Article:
I’ve always associated pageantry with beauty, intelligence, grace, and everything I’m not. Sports was my main priority growing up, making me a tomboy who loves throwing on a worn out pair of sneakers, baby hairs that never cooperate, and constantly getting yelled at by my mother for slouching or for not walking in one straight line like a girl should.
Walking into the first practice, I had no idea what to expect. While looking through pictures of past contestants and court members with their perfected hair, makeup, outfits, and pageant stance, I began to think about how much I don’t belong here. As I got placed next to Quan, contestant number 10, I thought, “Great. I really don’t want to stand next to Miss Vietnam of Kansas”. She actually became my closest friend throughout the process and was one of my biggest inspirations.
There have definitely been several moments during the pageant process where I was close to giving up. I couldn’t help comparing myself to other contestants that were more graceful and intelligent than me. As humans, we naturally are our own worst critics and tend to see what others have that we lack. While writing a letter to myself for an extra-credit assignment, I realized that this is not a competition against others, but a competition against myself. I am not striving to be better than others but to be the best version of myself possible. With this new mindset a week before pageant day, my focus shifted to me and what I can do to improve myself as a contestant representing Miss Vietnam of Northern California-Intercollegiate.
The number 9 became the most important number to me for the final days leading up to Pageant Day. Never have I grown so attached to a number, yet feel so judged by it as well. The image of the number keeps popping into my head. I kept hearing Anh Jet’s and Chi Trami’s voices repeating it over and over. Contestant number 9! Contestant number 9! This number still haunts me to this day.
Pageant day, March 06, was a blur. The adrenaline rush was making my heart want to pop out of my chest. A million thoughts ran through my head on stage, my eyes heavy from the pair of lashes I was not used to wearing, my legs shake and wobbled as if I’ve never practice in these pair of heels before. I got distracted while doing my introduction, which killed half of my confidence, but I had so much fun singing Vietnamese and Disney songs with the girls in my dressing room that I didn’t sweat it too much because I knew I gave it my all. Personally, the evening gown portion was my favorite. The song was Sugar by Maroon 5, which was a song that makes me happy, so strutting in my handmade evening gown became very easy and natural.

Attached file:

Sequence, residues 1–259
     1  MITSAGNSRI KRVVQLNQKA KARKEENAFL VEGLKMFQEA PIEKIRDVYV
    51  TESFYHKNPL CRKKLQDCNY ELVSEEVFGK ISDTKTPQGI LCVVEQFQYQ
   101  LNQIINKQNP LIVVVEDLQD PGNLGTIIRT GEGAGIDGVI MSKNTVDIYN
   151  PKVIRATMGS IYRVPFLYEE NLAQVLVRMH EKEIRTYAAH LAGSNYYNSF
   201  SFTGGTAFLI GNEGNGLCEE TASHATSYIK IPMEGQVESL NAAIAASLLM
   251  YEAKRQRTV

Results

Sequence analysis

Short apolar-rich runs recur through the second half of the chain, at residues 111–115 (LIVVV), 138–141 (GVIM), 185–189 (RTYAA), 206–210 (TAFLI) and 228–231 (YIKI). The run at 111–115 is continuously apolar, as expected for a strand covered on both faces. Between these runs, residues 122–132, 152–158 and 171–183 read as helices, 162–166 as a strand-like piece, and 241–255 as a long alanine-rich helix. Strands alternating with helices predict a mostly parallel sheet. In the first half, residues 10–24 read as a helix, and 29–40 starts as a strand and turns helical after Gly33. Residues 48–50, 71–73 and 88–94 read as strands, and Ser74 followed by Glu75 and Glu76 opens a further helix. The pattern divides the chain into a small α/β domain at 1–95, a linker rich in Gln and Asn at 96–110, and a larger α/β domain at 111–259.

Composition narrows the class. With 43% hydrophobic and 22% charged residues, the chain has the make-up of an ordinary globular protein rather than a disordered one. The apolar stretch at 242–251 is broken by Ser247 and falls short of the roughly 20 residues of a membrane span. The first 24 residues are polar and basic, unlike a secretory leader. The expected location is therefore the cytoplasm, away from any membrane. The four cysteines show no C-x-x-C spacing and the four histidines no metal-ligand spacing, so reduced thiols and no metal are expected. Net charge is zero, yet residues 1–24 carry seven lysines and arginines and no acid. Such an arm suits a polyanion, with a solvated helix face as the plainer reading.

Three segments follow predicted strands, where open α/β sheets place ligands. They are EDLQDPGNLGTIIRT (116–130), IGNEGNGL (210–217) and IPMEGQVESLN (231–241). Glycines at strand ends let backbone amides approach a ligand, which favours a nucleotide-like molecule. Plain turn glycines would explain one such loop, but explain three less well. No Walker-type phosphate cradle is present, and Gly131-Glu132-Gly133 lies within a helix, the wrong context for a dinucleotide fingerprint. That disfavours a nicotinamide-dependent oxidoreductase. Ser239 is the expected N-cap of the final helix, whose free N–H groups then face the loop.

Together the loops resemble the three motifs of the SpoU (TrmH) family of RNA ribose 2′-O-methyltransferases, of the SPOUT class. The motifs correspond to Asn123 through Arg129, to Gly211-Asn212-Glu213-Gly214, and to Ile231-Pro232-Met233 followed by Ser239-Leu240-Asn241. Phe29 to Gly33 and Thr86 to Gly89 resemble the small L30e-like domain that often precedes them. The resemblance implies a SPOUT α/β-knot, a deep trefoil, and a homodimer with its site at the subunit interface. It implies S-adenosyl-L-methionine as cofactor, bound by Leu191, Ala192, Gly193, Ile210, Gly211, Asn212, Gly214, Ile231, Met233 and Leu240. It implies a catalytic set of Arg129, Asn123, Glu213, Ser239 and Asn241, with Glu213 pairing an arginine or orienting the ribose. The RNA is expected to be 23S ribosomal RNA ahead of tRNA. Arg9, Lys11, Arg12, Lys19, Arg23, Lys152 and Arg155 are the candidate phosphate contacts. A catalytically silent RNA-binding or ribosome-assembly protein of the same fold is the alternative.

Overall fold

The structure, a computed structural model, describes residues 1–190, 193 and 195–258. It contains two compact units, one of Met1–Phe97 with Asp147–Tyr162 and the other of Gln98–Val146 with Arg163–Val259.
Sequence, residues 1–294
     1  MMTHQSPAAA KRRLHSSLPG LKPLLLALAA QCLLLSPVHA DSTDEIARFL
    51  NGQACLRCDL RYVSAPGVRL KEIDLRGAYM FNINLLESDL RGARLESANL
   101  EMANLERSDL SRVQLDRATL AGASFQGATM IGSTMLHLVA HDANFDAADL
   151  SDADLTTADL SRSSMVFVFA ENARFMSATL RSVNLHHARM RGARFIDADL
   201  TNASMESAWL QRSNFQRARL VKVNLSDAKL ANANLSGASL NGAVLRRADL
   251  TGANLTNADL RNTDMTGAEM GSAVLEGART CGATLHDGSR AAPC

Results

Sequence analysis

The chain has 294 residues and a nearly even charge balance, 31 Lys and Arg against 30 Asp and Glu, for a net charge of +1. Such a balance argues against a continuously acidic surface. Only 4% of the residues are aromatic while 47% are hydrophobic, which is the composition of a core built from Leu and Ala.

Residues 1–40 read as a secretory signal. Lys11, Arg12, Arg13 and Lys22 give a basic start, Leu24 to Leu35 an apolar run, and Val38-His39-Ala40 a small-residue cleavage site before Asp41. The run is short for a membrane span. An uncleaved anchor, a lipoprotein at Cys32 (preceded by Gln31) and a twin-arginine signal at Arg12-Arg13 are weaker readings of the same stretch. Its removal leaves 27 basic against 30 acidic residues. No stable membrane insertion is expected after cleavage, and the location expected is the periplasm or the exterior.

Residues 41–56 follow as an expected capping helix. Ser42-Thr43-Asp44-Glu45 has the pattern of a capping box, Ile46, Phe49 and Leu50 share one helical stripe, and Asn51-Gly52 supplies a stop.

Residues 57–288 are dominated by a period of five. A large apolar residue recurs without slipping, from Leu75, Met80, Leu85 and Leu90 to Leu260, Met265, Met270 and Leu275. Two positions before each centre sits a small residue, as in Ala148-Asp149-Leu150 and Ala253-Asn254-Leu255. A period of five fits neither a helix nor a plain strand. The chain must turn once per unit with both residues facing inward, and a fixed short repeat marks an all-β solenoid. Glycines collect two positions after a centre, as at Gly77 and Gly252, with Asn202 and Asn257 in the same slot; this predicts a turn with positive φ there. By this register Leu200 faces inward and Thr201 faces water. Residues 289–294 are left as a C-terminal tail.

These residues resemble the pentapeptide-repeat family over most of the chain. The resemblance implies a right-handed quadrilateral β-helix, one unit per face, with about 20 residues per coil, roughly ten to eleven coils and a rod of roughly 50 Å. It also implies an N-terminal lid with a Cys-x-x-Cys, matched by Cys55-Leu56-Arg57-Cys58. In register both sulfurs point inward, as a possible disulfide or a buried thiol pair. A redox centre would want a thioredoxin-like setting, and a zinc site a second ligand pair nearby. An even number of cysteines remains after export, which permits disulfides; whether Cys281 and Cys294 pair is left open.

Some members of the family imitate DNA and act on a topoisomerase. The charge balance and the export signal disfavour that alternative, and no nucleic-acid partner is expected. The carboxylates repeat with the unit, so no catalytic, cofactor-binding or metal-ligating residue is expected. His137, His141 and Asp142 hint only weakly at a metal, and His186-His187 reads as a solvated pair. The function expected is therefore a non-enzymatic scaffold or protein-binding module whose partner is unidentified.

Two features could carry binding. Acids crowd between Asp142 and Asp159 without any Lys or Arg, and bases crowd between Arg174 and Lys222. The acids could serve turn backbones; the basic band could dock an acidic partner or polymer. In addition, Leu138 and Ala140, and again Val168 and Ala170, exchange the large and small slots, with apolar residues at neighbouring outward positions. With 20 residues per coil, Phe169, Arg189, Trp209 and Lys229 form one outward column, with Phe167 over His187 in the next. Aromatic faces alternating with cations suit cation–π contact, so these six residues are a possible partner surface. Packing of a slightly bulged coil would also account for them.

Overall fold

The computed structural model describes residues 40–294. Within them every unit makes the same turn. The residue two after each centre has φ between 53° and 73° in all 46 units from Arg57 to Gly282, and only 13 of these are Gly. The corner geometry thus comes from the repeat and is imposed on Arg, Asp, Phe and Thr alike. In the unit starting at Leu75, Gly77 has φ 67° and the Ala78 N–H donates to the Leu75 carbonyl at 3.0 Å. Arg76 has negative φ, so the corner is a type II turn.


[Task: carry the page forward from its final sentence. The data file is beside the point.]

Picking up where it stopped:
The most nerve-wracking moment was Top 8 and Top 5. When my number was called first for Top 8, I had to look down at my number to make sure it was my number they called. I couldn’t believe it. At that moment, I thought that if I do come out empty-handed, I would still be happy because making it to Top 8 was an accomplishment in itself since all twelve contestants are beautiful inside and out and are all very well qualified for the Queen title.
Winning two titles were something I never thought I could do. When I heard “Your 2016 Miss Photogenic is…” My mind went straight to Quan. But when my number was called, I paused. I was so confused. “Me? How? I had like… 300 likes on Facebook!” Worse, when Miss Ao Dai was announced, “WHAT?! Me? Duyen Dang? Graceful?” I shed a tear squatting down to receive my second sash and crown of the evening. As I stood there with the rest of the court smiling for what felt like an eternity for pictures, I realized that the girl walking into the first day of pageant practice is not the same woman standing on stage at the moment. I have grown, physically and mentally, as a Vietnamese American woman. I have learned and understood the values we hold and the standards we must live up to.
During my reign, I would like to inspire at least one person. Serving my community is something I have always been passionate about. However, if I could inspire at least another person to do the same, I believe that they could also inspire someone else as well. This way, the tradition will continue and this world could be a better place with more people giving back to the community they come from. I would like to continue working on being the best version of myself possible. Lastly, I would like to make my parents and the Vietnamese community proud of the young and intelligent women they were able to raise who understand the morals and values of a Vietnamese individual.
I am so honored to be your 2016 Miss Photogenic and Miss Ao Dai of MVNCI. I promise to uphold the standards of a Vietnamese American woman and hope to do you all proud.